Driving along the Eastern Fjords

The next day was a long travel day, as there were not any sights that we were particularly interested in seeing along the eastern part of the country. However, the drive was scenic, weaving along the coastline and then in and out of the eastern fjords (with Eric taking his first turn driving the manual transmission campervan).

 

One unexpected highlight was a black pebble beach just off the road, part of Hvalnes Nature Reserve. It was nice and sunny out, which had warmed the smooth black pebbles to a toasty temperature. Della really enjoyed laying on these warm stones and soaking in the heat.

 

By the end of our long driving day, we had bid goodbye to the wonders of Vatnajökull and its associated tongues and lakes, and were back along the continental divide in the magical area of Mývatn, which will be the subject of our next post!

Summer Trip to Iceland: South Iceland’s Stunning Scenery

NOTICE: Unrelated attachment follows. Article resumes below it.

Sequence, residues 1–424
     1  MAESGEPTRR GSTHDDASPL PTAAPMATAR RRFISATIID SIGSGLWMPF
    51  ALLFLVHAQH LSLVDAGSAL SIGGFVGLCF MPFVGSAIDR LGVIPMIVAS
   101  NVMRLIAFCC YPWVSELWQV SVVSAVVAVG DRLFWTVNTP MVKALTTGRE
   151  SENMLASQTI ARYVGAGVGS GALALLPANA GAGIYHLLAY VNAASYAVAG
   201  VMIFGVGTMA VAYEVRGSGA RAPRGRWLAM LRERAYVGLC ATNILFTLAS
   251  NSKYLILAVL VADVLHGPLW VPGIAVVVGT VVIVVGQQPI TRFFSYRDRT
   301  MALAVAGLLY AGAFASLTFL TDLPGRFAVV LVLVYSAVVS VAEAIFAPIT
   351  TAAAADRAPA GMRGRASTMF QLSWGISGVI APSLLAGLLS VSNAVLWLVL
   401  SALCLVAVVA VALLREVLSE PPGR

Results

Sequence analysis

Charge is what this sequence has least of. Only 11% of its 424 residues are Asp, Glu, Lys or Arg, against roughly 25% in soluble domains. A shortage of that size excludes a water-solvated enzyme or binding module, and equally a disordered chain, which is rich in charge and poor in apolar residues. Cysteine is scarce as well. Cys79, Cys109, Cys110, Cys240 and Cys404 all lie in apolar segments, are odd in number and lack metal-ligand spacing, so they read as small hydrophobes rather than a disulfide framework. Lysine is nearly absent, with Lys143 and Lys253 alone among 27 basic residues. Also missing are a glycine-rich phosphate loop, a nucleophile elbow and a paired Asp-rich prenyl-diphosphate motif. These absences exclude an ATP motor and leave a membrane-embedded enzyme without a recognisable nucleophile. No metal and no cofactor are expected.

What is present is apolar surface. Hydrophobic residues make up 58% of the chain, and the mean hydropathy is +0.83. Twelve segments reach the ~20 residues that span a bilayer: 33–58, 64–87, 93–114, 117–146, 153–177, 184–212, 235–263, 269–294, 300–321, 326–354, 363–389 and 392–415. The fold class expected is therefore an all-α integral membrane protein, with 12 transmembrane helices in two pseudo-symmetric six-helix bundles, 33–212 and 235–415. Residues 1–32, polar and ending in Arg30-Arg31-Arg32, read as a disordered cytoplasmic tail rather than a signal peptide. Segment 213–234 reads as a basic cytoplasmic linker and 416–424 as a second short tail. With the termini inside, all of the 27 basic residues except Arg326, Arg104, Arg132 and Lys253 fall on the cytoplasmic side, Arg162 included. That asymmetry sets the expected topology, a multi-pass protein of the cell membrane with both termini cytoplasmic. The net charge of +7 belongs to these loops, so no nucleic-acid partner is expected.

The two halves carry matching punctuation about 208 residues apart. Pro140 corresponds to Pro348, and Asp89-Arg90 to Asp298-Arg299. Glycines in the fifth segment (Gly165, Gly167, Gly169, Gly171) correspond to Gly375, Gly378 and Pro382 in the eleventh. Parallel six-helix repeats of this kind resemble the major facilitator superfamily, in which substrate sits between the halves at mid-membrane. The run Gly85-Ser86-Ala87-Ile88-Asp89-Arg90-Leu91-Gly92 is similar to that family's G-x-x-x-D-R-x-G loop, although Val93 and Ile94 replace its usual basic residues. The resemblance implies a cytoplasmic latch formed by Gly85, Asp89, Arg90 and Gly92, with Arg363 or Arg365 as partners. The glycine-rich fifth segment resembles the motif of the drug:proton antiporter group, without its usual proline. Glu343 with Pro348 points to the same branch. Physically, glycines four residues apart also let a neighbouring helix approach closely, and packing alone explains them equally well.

After touring the Golden Circle, we headed east on the Ring Road along the southern coast of Iceland. When we were making our list of sights to see in Iceland, this area definitely had the highest concentration. We were able to see all of the places we describe in this blog in just a day and a half!

Seljalandsfoss

This waterfall is just off of the Ring Road -in fact, you can see it as you are driving up! There is a path that goes behind the waterfall which we knew we wanted to take, so we made sure to put on our rain gear and snow pants to make ourselves as waterproof as possible. We spent about 30 minutes exploring.

Gljúfrabúi

Just north of Seljalandsfoss is another waterfall which appears hidden from a distance, as you can only see the top part of the falls with the rest obscured by a rock. You can get to the base of the waterfall by walking through a narrow canyon – we were able to do this by hopping from rock to rock. It was quite wet in there but very pretty. We also climbed a steep path on the rock that blocks the view of the falls to see it from that vantage point but were underwhelmed with what we could see from up there.

Camping at Gljúfrabúi